1. A young woman who participated in a study for teens who could benefit from lab-engineered vaginas has spoken out on how her life has been changed, ABC News reported.
The unidentified Mexican woman took part in the study with three other patients between the ages of 13 to 18 who suffered from Mayer-Rokitansky-Küster-Hauser (MRKH) syndrome, a genetic condition that left their vaginas incomplete.
“For me to be able to have the surgery, I feel very fortunate because I can have a normal life,” the woman said in a translated interview. “I know I’m one of the first. It is important to let other girls that have the same problem know that … there is a treatment and you can have a normal life.”
2. When the woman first learned of the study at 18 years old, she said she “couldn’t believe it was true.”
“I was informed about other procedures for this syndrome and it was unbelievable that it could be done in a lab,” she said.
The disorder affects roughly 1 in 4,500 women, according to the National Institutes of Health, and causes women to often not develop a uterus or full vagina. The external genitalia is generally unaffected, though, leaving the syndrome to frequently be undetected until the patient’s late teens.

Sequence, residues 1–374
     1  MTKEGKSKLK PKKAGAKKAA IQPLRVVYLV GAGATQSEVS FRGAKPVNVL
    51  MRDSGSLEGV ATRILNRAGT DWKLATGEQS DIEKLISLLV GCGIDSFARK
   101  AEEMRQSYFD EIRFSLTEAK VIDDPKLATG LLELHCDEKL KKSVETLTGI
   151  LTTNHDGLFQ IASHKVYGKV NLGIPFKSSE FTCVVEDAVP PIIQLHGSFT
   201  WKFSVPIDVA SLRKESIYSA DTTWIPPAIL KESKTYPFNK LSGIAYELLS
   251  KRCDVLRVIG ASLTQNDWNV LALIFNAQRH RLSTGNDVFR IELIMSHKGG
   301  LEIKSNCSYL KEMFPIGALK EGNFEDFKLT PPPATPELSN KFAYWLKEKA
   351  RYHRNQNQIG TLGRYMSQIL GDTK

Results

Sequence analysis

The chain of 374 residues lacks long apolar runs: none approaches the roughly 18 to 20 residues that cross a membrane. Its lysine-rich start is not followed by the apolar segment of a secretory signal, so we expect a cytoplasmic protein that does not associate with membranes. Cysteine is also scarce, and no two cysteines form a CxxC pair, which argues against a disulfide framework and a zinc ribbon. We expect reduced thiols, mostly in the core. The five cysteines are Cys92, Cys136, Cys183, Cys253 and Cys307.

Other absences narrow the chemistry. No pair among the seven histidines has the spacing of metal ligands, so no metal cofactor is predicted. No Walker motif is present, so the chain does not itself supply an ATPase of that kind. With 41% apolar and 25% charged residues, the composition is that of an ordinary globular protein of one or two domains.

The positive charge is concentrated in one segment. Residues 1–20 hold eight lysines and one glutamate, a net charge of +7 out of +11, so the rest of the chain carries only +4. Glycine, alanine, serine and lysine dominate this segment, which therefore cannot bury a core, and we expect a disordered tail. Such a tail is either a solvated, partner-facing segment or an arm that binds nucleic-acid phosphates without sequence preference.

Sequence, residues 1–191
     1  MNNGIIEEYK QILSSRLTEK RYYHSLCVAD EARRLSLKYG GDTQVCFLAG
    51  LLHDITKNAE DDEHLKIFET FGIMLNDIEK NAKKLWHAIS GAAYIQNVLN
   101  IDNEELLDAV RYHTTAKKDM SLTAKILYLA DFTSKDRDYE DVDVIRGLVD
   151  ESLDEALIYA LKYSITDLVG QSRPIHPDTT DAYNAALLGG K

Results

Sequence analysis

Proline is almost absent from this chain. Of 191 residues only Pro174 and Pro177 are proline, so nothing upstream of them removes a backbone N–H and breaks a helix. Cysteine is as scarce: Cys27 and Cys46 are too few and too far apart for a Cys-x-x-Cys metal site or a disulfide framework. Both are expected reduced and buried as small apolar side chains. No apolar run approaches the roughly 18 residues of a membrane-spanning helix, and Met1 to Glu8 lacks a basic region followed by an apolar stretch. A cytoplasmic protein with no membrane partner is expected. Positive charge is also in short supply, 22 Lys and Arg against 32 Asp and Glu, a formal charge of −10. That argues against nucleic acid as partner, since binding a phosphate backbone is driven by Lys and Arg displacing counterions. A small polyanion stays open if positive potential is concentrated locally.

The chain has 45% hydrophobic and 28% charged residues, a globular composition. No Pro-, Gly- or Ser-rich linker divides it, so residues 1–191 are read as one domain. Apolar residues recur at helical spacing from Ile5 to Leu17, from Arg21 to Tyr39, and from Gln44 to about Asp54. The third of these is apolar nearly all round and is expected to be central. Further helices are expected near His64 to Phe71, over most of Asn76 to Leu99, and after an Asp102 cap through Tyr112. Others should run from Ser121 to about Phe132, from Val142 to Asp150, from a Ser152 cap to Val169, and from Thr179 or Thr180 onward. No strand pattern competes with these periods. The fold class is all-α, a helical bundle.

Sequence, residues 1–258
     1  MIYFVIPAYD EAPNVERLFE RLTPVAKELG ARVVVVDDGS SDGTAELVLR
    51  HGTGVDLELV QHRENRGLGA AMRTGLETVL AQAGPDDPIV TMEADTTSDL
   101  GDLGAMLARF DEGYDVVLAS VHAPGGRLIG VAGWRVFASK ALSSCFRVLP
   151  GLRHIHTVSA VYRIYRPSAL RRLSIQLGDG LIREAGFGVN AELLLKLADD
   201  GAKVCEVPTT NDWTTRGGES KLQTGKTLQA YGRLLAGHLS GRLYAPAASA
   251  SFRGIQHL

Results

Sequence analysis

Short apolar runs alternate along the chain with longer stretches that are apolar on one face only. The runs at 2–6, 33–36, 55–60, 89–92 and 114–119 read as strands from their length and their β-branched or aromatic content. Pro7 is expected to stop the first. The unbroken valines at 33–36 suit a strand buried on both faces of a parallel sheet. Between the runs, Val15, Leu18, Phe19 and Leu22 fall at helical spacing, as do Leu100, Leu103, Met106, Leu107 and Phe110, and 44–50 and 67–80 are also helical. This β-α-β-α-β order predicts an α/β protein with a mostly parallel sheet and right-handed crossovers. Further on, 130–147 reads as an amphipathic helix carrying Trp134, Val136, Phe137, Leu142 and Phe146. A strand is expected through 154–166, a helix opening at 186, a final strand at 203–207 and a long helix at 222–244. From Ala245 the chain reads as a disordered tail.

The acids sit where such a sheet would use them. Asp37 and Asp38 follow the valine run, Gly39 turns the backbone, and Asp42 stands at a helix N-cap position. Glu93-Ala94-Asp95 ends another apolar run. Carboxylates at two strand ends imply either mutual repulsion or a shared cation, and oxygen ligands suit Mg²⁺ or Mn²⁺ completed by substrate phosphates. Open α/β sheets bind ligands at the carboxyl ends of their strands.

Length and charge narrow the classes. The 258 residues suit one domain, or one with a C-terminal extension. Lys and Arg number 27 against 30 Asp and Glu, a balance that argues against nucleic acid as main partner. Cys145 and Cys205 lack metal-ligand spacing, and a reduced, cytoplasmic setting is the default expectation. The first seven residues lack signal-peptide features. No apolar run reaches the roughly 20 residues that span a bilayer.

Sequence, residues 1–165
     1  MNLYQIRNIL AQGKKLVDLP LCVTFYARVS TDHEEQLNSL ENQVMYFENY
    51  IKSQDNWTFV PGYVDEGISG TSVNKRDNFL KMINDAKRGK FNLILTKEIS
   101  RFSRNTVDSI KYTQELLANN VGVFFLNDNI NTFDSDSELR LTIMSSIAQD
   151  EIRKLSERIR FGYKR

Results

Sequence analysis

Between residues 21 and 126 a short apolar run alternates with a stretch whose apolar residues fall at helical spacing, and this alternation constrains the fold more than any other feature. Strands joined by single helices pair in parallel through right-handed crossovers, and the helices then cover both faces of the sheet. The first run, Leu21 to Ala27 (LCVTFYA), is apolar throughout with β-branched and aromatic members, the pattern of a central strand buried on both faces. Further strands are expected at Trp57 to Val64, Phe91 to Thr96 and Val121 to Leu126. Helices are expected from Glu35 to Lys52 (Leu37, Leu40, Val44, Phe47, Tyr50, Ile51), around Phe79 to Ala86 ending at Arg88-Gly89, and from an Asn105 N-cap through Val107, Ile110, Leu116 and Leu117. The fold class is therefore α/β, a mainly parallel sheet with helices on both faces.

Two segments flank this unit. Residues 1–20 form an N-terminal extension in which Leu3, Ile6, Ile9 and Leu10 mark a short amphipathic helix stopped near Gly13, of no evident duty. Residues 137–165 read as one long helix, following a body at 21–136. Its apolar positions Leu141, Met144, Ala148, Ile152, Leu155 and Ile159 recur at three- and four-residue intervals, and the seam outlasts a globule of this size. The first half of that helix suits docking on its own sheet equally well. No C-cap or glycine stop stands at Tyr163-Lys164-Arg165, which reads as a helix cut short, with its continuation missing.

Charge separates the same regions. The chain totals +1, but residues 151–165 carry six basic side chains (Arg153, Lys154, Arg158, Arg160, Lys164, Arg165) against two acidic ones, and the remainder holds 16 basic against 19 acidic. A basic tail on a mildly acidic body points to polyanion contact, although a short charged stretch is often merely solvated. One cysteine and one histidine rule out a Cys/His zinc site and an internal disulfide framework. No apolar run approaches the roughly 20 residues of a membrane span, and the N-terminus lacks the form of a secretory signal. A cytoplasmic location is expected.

3. To do the procedure, researchers from Wake Forest University and the Metropolitan Autonomous University in Mexico City biopsied cells from the patients to make the organs, which they built in the lab with biodegradable scaffolds.
“We were able to create a small piece of tissue and created an organ that we were then able to implant back into the patient,” said Wake Forest Baptist Medical Center’s Dr. Anthony Atala.
4. “For the process,” he explained, “we take a very small piece of tissue from the patient, less than half the size of a postage stamp, and we then tease the cells apart and grow the cells separately.”
5. “We then take a scaffold and we code the scaffold with the cells, putting one cell layer on one side layer, another cell layer on the other side, very much like making a sandwich, if you will.”
6. After shaping the structure like the organ, it is put into an oven-like device that has the same conditions as the human body, “so that the tissue can mature before we implant it back into the patient,” Atala said.
“By using their very own cells we can create the very same tissue that was supposed to be there.”
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